As to the first, it think the fact that social scientists restrict their studies to a single race, demographic, cohort etc – one that always just happens to be white men – is a poor excuse for such exclusionary practices, and contibutes to the very exclusion of voices other than white, male ones.

Clarity is right in one respect though – would you have asked the question if Lamont were a man, Bob? And if not, why not?


Mikhail 06.08.09 at 9:09 am

Yes… and here we go with the “dominance of men”… Who cares why the question was asked? As long as the question is interesting and potentially bearing on the ability of the results to generalize to other age/race/nationality groups!


bob mcmanus 06.08.09 at 12:08 pm

would you have asked the question if Lamont were a man, Bob? And if not, why not?

Yup. See 4.3.

“Michèle Lamont provides a rare and revealing collective portrait of the upper-middle class—the managers, professionals, entrepreneurs, and experts at the center of power in society. Her book is a subtle, textured description of how these men define the values and attitudes they consider essential in separating themselves—and their class—from everyone else.” …blurb

Sorry. Don’t know about you, but my instant reaction to this is: Why not women? They are professionals and entrepeneurs and Ivy League Grads too.

Maybe not so much in France? It was just a question. Honest.


alex 06.08.09 at 12:14 pm

Well, there’s a warm welcome already!


bob mcmanus 06.08.09 at 12:22 pm

It wasn’t just white men, but she also interviewed men of color. Ir wasn’t just professionals, the second book was about the working class.

Now if American professional and working class women have such radically different attitudes toward class from their male counterparts that they must be studied separately, well, that’s interesting in itself, isn’t it? Women do trend more liberal and Democratic than men, I think, but not so much that political pollsters exclude them from generalized questions.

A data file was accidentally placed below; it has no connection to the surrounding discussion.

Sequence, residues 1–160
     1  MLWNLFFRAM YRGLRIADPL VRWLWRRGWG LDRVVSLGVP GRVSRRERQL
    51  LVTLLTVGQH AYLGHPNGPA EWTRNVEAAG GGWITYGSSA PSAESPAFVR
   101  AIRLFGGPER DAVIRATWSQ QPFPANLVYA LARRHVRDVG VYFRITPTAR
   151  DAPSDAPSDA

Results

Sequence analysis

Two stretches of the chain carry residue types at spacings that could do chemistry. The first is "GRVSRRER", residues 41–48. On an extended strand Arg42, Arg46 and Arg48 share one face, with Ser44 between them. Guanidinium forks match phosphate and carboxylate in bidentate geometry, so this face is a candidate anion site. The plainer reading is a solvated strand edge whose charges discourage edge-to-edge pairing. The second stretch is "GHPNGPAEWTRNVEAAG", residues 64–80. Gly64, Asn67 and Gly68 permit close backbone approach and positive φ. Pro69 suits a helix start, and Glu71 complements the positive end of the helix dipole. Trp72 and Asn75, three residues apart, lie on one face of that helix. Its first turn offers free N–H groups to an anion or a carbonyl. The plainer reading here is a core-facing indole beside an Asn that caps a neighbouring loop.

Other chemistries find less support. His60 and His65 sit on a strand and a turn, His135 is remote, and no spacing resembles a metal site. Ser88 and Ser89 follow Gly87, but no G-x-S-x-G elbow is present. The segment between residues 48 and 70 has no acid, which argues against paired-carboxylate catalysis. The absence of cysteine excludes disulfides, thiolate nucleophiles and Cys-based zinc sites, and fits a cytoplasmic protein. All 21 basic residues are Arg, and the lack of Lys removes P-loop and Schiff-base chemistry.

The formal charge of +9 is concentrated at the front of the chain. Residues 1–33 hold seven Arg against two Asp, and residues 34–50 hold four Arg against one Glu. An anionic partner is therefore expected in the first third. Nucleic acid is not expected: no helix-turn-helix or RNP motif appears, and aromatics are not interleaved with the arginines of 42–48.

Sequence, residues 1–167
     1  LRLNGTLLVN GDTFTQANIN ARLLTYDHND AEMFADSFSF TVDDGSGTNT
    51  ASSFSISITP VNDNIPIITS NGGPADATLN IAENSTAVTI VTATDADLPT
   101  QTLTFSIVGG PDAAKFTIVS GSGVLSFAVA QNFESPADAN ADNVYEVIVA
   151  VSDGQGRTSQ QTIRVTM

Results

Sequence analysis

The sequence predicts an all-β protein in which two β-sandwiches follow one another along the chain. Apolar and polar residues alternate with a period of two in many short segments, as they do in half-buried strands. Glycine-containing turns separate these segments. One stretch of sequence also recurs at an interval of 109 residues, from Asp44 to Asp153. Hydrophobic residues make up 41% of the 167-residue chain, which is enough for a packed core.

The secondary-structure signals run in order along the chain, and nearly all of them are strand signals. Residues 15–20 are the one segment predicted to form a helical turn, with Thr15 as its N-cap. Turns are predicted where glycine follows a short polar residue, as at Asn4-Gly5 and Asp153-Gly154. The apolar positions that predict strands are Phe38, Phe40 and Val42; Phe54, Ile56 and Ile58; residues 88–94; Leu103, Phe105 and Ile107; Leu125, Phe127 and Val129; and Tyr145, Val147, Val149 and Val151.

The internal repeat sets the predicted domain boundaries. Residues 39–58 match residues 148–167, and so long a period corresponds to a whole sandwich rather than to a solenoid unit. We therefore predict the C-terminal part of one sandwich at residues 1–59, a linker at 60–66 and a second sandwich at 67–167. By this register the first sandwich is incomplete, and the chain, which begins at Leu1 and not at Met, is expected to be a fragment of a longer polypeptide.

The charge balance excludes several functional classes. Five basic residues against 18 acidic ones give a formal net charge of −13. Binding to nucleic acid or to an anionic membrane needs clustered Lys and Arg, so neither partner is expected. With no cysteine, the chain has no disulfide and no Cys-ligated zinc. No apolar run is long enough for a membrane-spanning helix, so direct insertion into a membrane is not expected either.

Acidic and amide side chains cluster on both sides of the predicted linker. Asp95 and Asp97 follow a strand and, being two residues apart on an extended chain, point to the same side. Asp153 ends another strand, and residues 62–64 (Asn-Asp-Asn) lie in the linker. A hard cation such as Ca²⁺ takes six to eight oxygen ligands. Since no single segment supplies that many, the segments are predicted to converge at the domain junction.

bob mcmanus 06.08.09 at 12:31 pm

It wasn’t meant to be hostile, and honestly if I am told by the author (or the crowd) that “Gender Roolz, dood, and that’s a sexist question” I will retreat and go examine myself, as so many socialists have for decades.


Clarity 06.09.09 at 9:42 pm

I find this debate captivating, I wonder, would it get any juicier if we all actually READ the books?

Bob, please don’t retreat, it was a question to your question and your contribution helped spark the above.


Michele Lamont 06.10.09 at 3:44 am

For Money, Morals, and Manners I only interviewed men because I wanted to study those who define the norms in the workplace –men. Moreover, the book had several other levels of comparison (e.g., cultural and social specialists vs forprofit workers; residents of cutlural peripheries (Indianapolis and Clermont-Ferrand) vs cutlural centers (New York and Paris). I did conduct a smaller number of interviews with women for this book, but the focus was men.
In Dignity of Working Men, I sticked with men in order to compare the upper-middle class interviews from the first book with a population of blue-c0llar workers and low-status white collar workers. This book also compared whites and blacks in New York and whites and north African immigrants in France.
Ideally, a third book would have compared women across classes and across national settings. But having spent ten years working on class cultures, I was ready for something else. I’d be happy if someone else took on the project.


bob mcmanus 06.10.09 at 6:23 am

Thank you.


Clarity 06.16.09 at 7:14 am

Thank you Michele.